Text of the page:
Iranians say their ‘bones breaking’ under US sanctions
By NASSER KARIMI and MOHAMMAD NASIRI, TEHRAN, Iran, June 24 (AP) — As the U.S. piles sanction after sanction on Iran, it’s the average person who feels it the most.
From a subway performer’s battered leather hat devoid of tips, to a bride-to-be’s empty purse, the lack of cash from the economic pressure facing Iran’s 80 million people can be seen everywhere.
Many blame President Donald Trump and his maximalist policy on Iran, which has seen him pull out of Tehran’s 2015 nuclear deal with world powers and levy punishing U.S. sanctions on the country.
In recent weeks, Iran has threatened to break out of the deal unless European powers mitigate what it calls Trump’s “economic warfare.” Iran also appeared ready to push back against the buildup of U.S. forces in the region, after shooting down an American drone it says violated its airspace last week.
In response, U.S. officials have vowed to pile on more sanctions.
People shop at the old main bazaar in Tehran, Iran, Sunday, June 23, 2019. As the U.S. piles sanction after sanction on Iran, it’s the average person who feels it the most. (AP Photo/Ebrahim Noroozi)
But alongside Trump, many Iranians blame their own government, which has careened from one economic disaster to another since its Islamic Revolution 40 years ago.
“The economic war is a reality and people are under extreme pressure,” said Shiva Keshavarz, a 22-year-old accountant soon to be married.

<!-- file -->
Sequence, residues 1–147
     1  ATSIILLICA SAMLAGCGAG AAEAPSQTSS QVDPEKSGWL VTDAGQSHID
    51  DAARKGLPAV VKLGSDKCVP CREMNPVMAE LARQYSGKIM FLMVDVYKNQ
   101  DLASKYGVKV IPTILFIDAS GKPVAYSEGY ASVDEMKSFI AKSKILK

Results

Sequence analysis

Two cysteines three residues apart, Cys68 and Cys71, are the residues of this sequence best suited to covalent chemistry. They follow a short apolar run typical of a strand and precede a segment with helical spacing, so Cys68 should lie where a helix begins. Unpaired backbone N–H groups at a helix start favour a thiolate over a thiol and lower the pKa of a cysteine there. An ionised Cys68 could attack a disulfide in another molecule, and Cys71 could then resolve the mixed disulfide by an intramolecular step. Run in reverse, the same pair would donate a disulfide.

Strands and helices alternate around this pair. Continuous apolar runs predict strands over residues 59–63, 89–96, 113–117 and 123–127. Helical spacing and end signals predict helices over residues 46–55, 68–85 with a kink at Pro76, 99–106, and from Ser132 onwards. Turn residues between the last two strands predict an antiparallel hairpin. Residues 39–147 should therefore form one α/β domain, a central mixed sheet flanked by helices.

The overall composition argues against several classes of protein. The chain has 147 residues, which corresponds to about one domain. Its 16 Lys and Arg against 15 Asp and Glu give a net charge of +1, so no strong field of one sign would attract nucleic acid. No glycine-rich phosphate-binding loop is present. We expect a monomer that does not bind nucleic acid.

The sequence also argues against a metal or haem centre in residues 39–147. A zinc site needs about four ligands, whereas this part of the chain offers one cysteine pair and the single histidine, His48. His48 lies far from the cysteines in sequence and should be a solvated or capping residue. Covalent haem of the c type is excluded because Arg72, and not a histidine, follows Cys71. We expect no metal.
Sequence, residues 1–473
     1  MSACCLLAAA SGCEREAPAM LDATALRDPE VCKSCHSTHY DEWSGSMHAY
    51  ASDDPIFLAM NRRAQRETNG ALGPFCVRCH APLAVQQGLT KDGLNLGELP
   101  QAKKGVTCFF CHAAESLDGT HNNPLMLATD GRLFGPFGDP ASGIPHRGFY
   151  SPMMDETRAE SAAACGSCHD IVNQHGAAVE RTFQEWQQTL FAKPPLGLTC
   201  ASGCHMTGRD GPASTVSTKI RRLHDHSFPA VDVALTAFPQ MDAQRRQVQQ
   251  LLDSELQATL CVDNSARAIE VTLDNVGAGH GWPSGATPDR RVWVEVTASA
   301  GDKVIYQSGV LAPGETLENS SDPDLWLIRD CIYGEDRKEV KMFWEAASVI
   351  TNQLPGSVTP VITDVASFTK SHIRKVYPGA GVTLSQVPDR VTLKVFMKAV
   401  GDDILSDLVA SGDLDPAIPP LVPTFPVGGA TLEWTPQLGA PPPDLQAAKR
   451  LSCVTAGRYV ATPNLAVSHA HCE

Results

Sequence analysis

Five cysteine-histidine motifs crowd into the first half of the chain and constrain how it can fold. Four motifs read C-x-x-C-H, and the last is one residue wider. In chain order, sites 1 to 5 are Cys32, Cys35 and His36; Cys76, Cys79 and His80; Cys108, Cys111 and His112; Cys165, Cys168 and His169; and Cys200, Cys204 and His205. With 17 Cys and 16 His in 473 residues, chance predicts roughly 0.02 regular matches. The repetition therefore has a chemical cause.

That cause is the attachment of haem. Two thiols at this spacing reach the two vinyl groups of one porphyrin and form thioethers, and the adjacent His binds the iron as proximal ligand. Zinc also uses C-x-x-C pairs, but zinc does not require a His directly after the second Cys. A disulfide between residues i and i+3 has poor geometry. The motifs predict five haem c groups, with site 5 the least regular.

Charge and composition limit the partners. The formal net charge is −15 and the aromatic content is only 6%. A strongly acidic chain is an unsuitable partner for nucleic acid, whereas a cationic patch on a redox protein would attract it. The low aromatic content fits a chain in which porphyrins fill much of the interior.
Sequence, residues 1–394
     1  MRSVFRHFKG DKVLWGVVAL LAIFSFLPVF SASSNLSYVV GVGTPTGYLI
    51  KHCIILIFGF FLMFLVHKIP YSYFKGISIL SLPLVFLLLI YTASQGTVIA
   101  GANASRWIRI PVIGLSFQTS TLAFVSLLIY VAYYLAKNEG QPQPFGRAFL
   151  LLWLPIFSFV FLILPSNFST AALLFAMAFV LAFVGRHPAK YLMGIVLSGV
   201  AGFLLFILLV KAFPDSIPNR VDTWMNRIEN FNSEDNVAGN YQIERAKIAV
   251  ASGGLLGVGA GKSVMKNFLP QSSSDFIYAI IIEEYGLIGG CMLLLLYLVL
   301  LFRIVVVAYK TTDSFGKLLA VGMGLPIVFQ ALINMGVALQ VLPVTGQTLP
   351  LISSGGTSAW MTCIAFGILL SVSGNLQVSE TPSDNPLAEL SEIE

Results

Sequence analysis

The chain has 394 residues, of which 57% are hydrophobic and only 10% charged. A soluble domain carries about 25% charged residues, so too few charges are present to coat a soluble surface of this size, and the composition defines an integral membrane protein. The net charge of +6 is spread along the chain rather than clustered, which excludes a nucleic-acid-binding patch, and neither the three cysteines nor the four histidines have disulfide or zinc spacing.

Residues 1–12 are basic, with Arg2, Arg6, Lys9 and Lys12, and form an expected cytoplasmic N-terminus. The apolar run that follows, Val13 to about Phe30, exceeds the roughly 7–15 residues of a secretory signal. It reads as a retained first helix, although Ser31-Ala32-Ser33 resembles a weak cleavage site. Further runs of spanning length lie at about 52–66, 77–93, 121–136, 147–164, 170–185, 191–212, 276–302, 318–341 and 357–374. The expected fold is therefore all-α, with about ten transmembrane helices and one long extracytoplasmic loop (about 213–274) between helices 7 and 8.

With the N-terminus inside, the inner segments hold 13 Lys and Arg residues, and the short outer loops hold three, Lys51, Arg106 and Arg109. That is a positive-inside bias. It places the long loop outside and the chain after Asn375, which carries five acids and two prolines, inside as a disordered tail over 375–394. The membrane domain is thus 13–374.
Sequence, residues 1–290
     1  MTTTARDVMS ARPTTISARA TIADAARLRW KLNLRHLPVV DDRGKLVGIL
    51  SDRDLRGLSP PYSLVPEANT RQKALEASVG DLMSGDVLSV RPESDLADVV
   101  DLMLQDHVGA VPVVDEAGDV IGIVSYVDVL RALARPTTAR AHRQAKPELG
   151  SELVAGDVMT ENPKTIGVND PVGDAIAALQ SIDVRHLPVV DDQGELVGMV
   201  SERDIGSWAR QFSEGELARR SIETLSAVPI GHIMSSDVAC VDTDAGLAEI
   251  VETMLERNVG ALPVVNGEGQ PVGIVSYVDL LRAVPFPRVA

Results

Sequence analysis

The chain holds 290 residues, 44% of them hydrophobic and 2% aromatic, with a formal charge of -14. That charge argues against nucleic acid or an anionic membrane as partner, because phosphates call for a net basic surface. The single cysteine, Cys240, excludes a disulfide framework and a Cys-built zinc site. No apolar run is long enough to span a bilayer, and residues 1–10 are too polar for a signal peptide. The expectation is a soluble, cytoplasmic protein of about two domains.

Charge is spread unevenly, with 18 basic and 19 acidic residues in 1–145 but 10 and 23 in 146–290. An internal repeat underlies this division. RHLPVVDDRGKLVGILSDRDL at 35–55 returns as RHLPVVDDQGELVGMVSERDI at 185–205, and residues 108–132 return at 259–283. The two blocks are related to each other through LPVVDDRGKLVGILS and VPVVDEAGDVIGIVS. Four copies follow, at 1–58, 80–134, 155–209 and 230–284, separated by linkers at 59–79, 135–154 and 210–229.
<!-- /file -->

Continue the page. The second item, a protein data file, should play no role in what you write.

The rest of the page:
She said government leaders “keep telling us to be strong and endure the pressures, but we can already hear the sound of our bones breaking.”
Walking by any money exchange shop is a dramatic reminder of the hardships most people are facing. At the time of the nuclear deal, Iran’s currency traded at 32,000 rials to $1. Today, the numbers listed in exchange shop windows have skyrocketed — it costs over 130,000 rials for one U.S. dollar.
Inflation is over 37%, according to government statistics. More than 3 million people, or 12% of working-age citizens, are unemployed. That rate doubles for educated youth.
Depreciation and inflation make everything more expensive — from fruits and vegetables to tires and oil, all the way to the big-ticket items, like mobile phones. A simple cell phone is about two months’ salary for the average government worker, while a single iPhone costs a 10 months’ salary.
“When importing mobile phones into the country is blocked, dealers have to smuggle them in with black market dollar rates and sell them for expensive prices,” said Pouria Hassani, a mobile phone salesman in Tehran. “You can’t expect us to buy expensive and sell cheap to customers. We don’t want to make a loss either.”
Hossein Rostami, a 33-year-old motorbike taxi driver and deliveryman, said the price of brake pads alone had jumped fivefold.
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